“Not even going to look, huh?”

  Ty suspected that Zane wouldn’t be enjoying this quite as much if he knew Ty didn’t mind watching him. So he maintained his slightly sulky air and shook his head.

  Zane glanced to the old man who was reading and apparently paying them no attention. “Okay, I’m happy. We can go after I pay for these. ” It hadn’t even been ten minutes.

  Ty looked him over and then sighed softly, allowing a small smile to show through. “We’ve got more time,” he murmured in a low voice.

  Zane tried not to grin like a fool. He adored bookstores, and it was a welcome distraction from his worries and brooding. “Thanks,” he said softly with an indefinable look in his eyes. Then he turned to disappear in the stacks that led further into the store.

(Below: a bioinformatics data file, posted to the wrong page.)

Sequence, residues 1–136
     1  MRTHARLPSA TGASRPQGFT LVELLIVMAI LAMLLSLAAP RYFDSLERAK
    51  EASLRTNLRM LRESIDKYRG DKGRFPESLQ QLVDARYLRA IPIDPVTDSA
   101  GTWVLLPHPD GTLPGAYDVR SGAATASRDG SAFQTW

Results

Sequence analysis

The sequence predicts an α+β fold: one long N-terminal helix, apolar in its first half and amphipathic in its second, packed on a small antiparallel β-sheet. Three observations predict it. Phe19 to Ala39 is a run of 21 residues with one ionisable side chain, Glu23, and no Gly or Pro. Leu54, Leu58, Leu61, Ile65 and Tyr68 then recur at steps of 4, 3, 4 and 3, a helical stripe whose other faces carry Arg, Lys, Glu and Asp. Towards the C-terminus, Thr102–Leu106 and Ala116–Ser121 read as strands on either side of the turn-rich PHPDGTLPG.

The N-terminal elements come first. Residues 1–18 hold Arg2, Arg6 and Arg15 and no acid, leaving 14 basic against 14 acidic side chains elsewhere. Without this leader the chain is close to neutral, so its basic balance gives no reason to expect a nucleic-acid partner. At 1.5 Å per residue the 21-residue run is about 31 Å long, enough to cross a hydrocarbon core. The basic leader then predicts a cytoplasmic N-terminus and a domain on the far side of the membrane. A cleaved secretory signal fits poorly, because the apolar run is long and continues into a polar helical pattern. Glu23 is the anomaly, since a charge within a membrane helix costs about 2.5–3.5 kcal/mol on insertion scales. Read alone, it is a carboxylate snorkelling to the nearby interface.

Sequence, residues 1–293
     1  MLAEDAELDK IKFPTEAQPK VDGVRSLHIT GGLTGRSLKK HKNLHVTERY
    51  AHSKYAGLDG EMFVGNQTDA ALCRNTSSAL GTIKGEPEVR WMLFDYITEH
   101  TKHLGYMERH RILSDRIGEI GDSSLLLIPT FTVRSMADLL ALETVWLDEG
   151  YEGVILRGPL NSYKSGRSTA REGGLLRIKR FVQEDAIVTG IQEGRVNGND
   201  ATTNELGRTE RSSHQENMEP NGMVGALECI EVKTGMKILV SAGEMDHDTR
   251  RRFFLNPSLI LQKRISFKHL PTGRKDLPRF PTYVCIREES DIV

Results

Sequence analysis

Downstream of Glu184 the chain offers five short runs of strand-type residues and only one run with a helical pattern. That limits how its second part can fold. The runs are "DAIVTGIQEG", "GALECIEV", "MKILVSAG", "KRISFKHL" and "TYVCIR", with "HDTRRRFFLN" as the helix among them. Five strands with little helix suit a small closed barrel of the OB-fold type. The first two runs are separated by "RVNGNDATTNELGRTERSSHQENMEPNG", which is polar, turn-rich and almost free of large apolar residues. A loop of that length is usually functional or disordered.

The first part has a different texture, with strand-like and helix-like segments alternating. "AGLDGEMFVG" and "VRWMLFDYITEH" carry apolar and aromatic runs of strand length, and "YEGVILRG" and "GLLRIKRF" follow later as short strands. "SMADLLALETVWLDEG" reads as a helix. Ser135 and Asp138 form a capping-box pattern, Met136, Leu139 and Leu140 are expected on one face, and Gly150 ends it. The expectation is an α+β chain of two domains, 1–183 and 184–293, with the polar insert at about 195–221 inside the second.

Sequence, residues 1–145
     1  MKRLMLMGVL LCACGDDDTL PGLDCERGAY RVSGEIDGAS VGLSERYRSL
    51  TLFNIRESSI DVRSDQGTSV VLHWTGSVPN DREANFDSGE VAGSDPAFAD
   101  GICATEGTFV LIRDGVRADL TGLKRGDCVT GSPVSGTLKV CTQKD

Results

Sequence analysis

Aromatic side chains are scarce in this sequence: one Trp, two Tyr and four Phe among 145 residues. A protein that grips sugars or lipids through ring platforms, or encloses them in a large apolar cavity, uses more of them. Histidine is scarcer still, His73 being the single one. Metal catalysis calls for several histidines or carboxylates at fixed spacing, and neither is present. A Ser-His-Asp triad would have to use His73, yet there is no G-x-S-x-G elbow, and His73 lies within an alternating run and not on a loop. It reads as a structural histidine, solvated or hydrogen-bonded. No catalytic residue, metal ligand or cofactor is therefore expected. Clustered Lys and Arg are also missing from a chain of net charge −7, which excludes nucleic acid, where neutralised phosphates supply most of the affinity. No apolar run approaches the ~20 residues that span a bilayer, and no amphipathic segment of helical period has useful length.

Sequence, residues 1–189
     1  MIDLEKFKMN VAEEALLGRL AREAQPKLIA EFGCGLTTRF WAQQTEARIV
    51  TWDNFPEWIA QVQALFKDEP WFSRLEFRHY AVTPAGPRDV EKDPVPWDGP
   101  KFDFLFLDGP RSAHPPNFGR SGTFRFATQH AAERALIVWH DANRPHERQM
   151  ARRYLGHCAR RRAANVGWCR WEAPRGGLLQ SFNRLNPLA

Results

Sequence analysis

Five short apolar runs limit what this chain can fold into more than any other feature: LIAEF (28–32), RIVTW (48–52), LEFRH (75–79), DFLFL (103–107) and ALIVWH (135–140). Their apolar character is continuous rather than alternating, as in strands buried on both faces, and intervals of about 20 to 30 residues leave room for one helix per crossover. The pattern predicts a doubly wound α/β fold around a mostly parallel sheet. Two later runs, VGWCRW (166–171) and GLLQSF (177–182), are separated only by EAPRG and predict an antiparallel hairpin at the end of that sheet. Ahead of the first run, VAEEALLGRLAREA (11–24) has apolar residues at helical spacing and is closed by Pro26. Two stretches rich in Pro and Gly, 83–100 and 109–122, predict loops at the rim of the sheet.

As soon as he was gone, Ty rolled his eyes heavenward and slouched in his chair in defeat. That look in Zane’s eyes would get him anything.

  The old man didn’t make a sound or look up from his book. But he was smiling. “Shut up,” Ty muttered to him. He glanced over at him again, reading the gold lettering on the book the man read: The Complete Works of Edgar Allan Poe.

  Ty frowned at the leather-bound volume as something buried deep in his memory began to click. Anyone who lived in Baltimore for any period of time had read at least one Poe story. The only ones Ty could remember were the one about the heart in the floorboards, the guy being bricked up in a wine cellar, and the name of the last one he had read, the Murders in the Rue Morgue.